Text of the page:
Kyle Guy first came to Charlottesville as a McDonald’s All-American, man bun and all, and left town as a National Champion. While he joined the team with fellow superheroes Ty Jerome and DeAndre Hunter, it was always Guy who seemed to be the face of the program, and his run as the 2019 Final Four’s Most Outstanding Player solidified his status as a Virginia legend.
However, when compared to Hunter and Jerome, it’s Guy that has the most question marks and potential weaknesses when looking at his prospects as a professional player. In his three years at Virginia, he dealt with his fare share of skepticism and handled some sort of major adversity to end 2018. Will he shake off doubters yet again by succeeding in the NBA? A lot may depend on if he lands in the right spot.
Guy’s obvious strength is his sharpshooting from three as he converted 42.5% of his 3pt shots over his collegiate career. He flies off of screens, squares himself perfectly, and excels at doing such even with awkward initial positioning. You might remember this example of his quick adjustment in the face of tight defense:
Of course, he’s also tremendous at getting himself open for a shot and knocking down less-difficult options afterwards:
A quick shooting release combined with those skills all add up to a potentially deadly high volume three point shooter, something plenty of NBA teams could benefit from. He’s a decent scorer off the dribble as well, meaning his shot won’t need to come immediately off a screen. Additionally, he’s shown the right combination of timing and quickness to create enough space for his own shot. While the NBA will present a tougher defensive challenge, Kyle’s shown he doesn’t need much space to convert a shot, and his herky-jerky movement around screens and capably tight handle with the ball should continue to give him that inch.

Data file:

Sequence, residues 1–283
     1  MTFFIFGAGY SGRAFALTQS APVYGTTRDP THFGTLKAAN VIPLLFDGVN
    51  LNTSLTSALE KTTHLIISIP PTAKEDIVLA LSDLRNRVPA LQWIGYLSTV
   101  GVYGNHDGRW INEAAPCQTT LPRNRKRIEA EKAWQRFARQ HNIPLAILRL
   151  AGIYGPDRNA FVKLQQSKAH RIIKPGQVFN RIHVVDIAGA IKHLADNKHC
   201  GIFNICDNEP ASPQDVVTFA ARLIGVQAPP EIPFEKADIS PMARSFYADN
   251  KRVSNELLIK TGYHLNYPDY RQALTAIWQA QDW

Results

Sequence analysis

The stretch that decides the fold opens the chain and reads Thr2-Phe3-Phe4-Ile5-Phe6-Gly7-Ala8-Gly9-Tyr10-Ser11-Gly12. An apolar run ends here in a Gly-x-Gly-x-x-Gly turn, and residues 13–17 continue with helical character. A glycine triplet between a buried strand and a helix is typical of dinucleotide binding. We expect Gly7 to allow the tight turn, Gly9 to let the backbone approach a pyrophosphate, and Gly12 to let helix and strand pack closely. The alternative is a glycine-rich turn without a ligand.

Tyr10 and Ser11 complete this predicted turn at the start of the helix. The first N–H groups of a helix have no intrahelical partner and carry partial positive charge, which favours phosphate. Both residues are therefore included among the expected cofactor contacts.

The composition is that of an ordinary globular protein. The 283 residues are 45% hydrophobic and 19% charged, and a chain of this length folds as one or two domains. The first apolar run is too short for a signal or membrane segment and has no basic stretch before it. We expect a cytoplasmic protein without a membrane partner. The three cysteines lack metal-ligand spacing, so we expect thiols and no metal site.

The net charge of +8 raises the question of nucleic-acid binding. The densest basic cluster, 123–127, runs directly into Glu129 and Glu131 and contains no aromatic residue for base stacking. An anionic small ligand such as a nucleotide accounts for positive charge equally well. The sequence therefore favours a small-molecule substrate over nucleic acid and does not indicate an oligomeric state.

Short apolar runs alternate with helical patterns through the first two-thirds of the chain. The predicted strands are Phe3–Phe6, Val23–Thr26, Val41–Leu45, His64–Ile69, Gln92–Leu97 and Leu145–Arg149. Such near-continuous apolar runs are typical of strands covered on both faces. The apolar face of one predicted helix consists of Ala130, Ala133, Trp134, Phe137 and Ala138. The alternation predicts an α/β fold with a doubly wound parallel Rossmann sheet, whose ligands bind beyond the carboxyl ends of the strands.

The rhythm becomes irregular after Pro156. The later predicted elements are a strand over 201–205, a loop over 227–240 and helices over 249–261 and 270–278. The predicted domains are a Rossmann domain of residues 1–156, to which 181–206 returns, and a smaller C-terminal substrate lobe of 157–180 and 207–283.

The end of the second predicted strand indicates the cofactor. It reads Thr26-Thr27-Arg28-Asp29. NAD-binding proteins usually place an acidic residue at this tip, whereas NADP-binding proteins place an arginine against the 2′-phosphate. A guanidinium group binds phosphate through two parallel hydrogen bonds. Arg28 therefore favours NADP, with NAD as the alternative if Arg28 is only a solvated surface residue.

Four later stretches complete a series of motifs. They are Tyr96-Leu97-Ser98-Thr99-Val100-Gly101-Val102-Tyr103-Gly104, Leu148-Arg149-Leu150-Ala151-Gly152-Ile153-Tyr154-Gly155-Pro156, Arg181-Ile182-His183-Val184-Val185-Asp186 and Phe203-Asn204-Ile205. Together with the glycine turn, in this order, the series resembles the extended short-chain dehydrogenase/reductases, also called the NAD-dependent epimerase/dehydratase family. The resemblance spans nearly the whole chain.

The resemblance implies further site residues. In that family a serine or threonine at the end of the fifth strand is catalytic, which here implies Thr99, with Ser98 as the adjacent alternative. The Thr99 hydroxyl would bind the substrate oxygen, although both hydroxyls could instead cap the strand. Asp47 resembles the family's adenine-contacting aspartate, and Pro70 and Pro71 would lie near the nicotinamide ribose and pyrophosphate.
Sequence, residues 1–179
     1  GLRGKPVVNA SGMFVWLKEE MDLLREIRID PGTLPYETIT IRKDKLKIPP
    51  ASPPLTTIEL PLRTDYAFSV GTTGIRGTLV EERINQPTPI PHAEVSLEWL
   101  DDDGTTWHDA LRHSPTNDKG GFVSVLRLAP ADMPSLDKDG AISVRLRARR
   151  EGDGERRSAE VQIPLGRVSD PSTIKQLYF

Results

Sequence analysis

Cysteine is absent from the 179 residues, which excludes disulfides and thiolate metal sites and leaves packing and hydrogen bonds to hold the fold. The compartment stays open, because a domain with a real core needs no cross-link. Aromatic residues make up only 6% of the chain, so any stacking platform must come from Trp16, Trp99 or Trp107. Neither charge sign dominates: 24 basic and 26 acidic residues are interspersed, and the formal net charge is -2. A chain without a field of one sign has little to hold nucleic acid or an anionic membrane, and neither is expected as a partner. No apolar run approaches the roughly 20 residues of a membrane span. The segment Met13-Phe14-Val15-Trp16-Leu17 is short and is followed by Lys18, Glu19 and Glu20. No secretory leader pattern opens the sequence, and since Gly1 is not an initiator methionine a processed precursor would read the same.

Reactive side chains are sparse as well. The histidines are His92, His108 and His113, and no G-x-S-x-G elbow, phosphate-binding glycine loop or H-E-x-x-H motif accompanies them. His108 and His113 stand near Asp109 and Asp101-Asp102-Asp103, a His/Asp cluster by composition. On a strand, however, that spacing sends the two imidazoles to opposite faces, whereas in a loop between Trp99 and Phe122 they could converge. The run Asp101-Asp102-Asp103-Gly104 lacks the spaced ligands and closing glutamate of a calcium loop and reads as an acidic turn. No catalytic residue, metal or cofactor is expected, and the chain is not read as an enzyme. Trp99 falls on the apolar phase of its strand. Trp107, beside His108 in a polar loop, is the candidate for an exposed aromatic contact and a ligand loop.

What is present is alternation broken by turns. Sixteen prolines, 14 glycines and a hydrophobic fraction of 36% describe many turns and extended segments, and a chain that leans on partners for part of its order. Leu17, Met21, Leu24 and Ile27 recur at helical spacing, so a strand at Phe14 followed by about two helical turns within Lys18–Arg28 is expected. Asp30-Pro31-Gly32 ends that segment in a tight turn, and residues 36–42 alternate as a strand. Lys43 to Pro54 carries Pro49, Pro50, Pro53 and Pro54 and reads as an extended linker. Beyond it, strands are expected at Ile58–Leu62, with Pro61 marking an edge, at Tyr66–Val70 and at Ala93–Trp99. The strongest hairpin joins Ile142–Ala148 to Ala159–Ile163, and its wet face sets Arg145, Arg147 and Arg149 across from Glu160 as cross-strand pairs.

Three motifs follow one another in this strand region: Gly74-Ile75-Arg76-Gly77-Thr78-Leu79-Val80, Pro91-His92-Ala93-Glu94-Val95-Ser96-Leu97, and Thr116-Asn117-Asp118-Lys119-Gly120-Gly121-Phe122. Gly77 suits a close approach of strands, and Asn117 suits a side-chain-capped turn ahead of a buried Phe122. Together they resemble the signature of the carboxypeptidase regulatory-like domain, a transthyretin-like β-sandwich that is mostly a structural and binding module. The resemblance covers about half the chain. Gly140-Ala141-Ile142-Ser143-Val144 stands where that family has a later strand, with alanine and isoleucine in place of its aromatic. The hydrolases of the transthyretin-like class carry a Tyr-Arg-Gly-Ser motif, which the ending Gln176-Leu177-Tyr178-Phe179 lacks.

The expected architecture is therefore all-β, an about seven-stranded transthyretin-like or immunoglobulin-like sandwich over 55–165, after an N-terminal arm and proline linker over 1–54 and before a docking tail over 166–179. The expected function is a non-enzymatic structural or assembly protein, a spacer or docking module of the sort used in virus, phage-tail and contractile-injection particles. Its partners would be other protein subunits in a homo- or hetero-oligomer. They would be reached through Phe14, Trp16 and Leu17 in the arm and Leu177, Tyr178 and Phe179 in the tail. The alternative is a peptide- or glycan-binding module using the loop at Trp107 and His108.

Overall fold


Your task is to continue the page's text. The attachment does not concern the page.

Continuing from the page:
Guy’s also a capable and intelligent ball-handler. He’s never going to have the quickness or ability to play the 1 in the NBA, but teams should be able to trust him with possession; in college he averaged only 1.1 turnovers per game with a TOV% of 9.1.
Of course, another strength for guy is playing defense under Tony Bennett. As we’ve seen with recent Virginia grads in the league, playing under Bennett’s championship-winning coaching translates well for a player’s ability to learn and excel in pro schemes.
Finally, the dude’s just a winner. I know it’s a cliche, but you can’t talk about Kyle freakin’ Guy and not mention it. He’s won awards all over his high school and collegiate career, ACC championships, and a Final Four Most Outstanding Player award. He endured one of the more painful losses in the history of the sport only to come back and win his school’s first ever national title. As part of that run, of course, he displayed the HUGEST of...guts...in sealing the semi-final with three clutch free throws: